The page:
Professor Tony Young OBE
Surgeon and National Clinical Lead for Innovation, NHS England, Director of Medical Innovation, Anglia Ruskin University

Prof Young talked about the struggles he faced trying to build a small life sciences company while working in the NHS. His bosses often tried to stop him doing so, with ‘profit’ often regarded as a dirty word. However, times are changing, and it is now his job to help NHS workers who come up with great ideas and develop the companies that can deliver them. He spoke about the benefit of having 248 clinicians who had returned to working in the NHS having not being forced to choose between running a business or working in the NHS.

HSMA Healthcare Conference
HSMA Healthcare Conference


Simon Denegri OBE
Executive Director, Academy of Medical Sciences

As a key voice for biomedical and health research, the Academy of Medical Sciences has an eye on the future, supporting young scientists with grants and initiative programmes. Integrating the voices of early-career researchers and the Academy’s world-class body of fellows to form fruitful relationships is an integral to its work. Simon Denegri talked about the Academy’s 10-year strategy and the AcMedSci Cross-Sector Programme, which helps people move between sectors, increasing the possibilities for collaboration and innovation. He also talked about the Academy’s efforts to engage patients, carers and the wider public. To build a healthy life sciences sector, you have to involve all those who are using the services.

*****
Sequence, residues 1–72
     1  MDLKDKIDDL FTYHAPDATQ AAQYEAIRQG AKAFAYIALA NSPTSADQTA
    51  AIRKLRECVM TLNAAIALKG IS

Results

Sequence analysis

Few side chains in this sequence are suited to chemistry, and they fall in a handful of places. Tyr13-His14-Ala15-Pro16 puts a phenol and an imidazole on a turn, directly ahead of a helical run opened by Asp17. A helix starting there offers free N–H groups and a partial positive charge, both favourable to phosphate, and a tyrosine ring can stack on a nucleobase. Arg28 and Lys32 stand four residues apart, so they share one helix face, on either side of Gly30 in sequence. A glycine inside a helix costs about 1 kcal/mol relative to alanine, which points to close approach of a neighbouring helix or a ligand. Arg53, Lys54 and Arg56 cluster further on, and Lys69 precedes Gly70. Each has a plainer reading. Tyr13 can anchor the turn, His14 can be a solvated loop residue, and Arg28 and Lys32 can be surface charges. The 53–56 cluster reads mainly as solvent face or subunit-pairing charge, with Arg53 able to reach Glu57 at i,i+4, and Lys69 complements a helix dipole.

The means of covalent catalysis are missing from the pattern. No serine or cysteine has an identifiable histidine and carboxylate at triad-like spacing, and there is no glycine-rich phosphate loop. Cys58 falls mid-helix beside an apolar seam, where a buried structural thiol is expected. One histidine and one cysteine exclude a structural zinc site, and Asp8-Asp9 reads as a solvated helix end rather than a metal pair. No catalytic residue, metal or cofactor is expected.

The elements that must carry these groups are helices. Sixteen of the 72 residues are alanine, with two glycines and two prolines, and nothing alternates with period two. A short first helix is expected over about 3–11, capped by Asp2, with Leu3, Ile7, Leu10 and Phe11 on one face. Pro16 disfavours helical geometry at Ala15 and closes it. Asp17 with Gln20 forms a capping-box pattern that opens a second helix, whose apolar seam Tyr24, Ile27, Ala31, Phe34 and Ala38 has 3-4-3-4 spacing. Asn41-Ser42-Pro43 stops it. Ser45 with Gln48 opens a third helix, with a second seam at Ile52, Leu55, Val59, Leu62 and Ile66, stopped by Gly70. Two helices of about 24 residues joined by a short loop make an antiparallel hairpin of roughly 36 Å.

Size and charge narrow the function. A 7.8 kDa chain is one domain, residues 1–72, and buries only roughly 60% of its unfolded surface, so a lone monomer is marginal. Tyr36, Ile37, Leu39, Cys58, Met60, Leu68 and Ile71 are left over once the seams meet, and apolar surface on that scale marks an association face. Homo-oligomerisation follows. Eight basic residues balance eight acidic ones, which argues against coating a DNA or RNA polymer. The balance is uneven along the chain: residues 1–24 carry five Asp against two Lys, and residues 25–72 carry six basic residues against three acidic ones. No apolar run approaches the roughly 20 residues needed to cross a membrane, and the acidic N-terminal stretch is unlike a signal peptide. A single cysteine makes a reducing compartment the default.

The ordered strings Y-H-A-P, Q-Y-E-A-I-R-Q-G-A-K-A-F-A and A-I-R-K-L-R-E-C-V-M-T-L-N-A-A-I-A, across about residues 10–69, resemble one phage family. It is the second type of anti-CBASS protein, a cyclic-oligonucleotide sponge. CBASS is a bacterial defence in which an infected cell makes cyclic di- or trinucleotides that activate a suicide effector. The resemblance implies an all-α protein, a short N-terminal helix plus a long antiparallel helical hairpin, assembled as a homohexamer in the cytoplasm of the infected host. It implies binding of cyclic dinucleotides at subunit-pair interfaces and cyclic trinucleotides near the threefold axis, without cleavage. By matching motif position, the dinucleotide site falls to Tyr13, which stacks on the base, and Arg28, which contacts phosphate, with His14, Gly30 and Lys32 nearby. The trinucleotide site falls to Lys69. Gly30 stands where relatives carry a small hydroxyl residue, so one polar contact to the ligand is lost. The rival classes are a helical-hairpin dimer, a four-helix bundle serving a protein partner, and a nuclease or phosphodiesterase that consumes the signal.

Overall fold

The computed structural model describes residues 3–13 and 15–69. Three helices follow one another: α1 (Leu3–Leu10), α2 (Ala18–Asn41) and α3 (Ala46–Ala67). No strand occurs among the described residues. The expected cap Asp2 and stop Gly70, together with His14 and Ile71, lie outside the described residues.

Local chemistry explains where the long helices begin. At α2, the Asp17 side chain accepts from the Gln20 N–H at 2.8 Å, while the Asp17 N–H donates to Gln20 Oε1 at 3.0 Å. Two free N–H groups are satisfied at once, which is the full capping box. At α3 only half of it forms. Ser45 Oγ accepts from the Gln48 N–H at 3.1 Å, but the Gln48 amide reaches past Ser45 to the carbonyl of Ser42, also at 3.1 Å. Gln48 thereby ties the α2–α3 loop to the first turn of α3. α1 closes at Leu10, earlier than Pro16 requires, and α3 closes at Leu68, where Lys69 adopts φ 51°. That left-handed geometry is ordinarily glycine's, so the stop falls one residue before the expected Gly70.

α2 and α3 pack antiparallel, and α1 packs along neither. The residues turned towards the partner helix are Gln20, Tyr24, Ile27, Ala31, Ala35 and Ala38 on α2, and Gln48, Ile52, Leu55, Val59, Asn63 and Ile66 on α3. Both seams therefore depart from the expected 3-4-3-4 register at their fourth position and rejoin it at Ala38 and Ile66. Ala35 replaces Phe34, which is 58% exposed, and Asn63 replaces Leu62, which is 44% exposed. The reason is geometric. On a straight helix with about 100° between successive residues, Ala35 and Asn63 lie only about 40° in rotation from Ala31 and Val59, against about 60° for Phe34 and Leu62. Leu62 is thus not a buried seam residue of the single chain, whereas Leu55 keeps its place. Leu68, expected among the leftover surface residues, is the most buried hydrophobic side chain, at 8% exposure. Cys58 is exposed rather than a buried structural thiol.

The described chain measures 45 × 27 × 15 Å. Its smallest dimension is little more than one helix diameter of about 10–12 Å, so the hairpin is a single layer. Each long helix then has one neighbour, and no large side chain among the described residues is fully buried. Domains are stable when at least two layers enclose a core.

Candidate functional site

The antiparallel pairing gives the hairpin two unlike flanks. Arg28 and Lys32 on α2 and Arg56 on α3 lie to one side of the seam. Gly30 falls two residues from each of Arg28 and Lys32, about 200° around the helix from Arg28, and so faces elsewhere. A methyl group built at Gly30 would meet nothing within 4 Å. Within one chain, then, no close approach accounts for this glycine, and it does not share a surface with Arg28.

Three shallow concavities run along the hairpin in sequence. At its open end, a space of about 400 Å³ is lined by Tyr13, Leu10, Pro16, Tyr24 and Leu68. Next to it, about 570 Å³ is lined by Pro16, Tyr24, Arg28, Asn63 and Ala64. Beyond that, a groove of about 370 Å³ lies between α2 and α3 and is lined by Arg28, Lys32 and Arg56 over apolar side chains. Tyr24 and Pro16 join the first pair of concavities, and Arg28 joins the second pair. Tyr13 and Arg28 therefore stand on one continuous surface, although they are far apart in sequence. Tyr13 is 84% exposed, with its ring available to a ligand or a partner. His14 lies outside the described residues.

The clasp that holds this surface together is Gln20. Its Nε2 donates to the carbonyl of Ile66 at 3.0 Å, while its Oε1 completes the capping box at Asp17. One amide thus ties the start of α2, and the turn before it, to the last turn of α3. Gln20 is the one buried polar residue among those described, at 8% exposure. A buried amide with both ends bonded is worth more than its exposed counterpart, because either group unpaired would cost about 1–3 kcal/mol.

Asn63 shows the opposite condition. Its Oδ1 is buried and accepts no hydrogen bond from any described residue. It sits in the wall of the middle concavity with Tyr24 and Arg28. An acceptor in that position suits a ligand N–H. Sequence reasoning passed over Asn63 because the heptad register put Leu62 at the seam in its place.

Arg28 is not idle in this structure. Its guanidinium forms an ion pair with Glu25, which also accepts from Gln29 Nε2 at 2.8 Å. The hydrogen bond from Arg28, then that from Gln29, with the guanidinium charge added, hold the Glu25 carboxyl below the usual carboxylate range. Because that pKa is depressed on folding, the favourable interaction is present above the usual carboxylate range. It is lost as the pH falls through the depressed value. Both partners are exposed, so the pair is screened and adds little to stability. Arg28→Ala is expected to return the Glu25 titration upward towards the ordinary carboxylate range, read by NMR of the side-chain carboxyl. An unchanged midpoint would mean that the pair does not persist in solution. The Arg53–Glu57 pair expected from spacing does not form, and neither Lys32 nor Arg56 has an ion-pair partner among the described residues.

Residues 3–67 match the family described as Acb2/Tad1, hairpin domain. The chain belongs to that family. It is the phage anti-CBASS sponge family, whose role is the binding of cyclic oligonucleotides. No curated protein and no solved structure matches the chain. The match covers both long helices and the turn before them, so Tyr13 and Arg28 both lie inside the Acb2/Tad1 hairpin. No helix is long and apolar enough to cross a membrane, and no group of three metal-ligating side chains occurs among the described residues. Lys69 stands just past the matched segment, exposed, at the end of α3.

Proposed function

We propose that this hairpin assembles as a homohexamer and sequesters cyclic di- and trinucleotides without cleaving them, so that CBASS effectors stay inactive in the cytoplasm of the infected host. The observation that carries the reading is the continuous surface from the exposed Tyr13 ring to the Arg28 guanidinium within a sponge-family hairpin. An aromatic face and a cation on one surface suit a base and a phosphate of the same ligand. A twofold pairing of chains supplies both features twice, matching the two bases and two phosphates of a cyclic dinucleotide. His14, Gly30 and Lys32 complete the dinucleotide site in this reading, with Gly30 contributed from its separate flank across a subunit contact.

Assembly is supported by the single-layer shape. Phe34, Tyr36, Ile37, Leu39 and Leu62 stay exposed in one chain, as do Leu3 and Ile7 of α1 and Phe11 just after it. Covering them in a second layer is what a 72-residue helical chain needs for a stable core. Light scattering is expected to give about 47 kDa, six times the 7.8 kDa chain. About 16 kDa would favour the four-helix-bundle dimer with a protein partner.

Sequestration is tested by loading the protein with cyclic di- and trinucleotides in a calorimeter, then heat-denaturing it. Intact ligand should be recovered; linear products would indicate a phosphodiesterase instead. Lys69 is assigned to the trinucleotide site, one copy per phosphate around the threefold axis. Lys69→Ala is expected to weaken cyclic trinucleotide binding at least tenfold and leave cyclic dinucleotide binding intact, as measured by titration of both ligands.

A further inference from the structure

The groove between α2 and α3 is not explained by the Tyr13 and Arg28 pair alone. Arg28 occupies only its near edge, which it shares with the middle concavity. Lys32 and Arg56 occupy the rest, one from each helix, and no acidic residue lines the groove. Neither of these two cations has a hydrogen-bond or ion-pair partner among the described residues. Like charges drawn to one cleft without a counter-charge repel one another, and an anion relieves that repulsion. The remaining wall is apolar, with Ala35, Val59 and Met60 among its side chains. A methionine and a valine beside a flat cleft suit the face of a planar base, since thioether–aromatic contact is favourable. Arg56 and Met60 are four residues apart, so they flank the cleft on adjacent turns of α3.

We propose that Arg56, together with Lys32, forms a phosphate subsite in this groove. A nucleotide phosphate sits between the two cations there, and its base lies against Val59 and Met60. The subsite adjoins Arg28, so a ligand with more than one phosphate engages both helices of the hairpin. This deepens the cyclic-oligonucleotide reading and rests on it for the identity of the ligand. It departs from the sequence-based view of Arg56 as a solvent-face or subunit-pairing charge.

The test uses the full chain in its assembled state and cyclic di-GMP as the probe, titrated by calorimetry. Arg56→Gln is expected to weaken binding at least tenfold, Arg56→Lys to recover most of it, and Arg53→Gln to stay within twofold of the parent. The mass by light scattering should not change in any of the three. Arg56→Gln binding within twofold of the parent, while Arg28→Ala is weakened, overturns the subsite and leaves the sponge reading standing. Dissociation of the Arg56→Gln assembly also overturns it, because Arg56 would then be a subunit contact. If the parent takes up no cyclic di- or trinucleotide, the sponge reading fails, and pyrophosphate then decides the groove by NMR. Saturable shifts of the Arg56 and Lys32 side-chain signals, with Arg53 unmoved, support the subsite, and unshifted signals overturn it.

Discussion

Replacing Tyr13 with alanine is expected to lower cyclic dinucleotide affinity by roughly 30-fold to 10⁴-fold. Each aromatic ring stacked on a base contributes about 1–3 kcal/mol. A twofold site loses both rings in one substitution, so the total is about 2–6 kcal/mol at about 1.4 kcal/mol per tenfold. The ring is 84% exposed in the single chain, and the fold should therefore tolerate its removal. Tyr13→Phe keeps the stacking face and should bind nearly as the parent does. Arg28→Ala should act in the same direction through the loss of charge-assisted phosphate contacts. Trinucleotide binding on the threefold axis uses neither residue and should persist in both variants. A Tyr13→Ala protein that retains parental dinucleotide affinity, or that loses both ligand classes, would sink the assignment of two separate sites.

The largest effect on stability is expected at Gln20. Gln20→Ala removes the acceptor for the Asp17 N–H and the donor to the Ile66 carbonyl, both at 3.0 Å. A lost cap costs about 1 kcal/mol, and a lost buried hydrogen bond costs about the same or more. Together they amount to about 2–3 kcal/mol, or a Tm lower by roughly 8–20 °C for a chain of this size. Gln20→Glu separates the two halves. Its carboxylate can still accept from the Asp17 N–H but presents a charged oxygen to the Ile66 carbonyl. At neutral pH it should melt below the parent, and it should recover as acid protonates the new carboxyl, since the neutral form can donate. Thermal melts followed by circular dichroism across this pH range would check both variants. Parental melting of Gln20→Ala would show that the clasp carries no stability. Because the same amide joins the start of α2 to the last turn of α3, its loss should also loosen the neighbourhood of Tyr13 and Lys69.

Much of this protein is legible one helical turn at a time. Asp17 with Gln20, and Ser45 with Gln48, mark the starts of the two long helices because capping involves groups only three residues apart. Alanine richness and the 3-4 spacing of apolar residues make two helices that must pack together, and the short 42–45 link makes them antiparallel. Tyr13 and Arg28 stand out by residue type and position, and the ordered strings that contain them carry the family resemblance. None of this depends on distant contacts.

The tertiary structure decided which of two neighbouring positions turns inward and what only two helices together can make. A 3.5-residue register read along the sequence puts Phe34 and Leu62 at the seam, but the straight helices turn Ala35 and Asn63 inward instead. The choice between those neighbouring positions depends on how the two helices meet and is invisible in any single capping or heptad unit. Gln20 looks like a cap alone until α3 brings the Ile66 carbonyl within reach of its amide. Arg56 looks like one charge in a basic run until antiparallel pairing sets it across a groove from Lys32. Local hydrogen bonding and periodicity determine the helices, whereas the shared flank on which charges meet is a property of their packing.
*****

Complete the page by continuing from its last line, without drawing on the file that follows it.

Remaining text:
Sir Rory Collins FMedCi, FRS
Emeritus Senior Vice President (Health), King’s College London, President, Academy of Medical Sciences

Sir Rory talked about randomised clinical trials, which he sees as Britain’s greatest contribution to medicine. Through drift, old habits and poor leadership, the process has lost its way, with intrusive regulation watering down the effectiveness of trials. He gave a striking example of how during Covid ‘old fashioned’ clinical trials discovered the first effective treatment for the most severely ill patients – dexamethasone – while maintaining participants’ safety. The Covid experience has shown us a way to update the framework for randomised trials, staying true to the original principles while benefiting from modern medical and technical advances. A new framework will require input from with regulators, funders, academics, pharma, trialists and patients, and the UK is the best place in the world to make this work.

Hanno Ronte
Partner, Monitor Deloitte

One of the key concepts that ran through the discussions was the life science ‘cluster’. Hanno Ronte defined a cluster as a group of similar, related or complementary businesses and institutions characterised by four key traits: geographical proximity; a critical mass of institutions and specialised labour; established linkages; and regular interactions. Collaboration leads to better products, services and outcomes, and in turn attracts people and companies. Hanno’s advice was to first agree on what a successful London life sciences ecosystem looks like, then define a narrative about what a London life sciences hub is about. Also have patience, think in decades as opposed to years, have a clear plan, but give yourselves the time to implement it.

Dr Brian Donley, Dame Anne Rafferty, Mark Kildea and Lord Kakkar

Dr Brian Donley, Dame Anne Rafferty, Mark Kildea and Lord Kakkar


Mark Kildea 
Chief Executive, The Howard de Walden Estate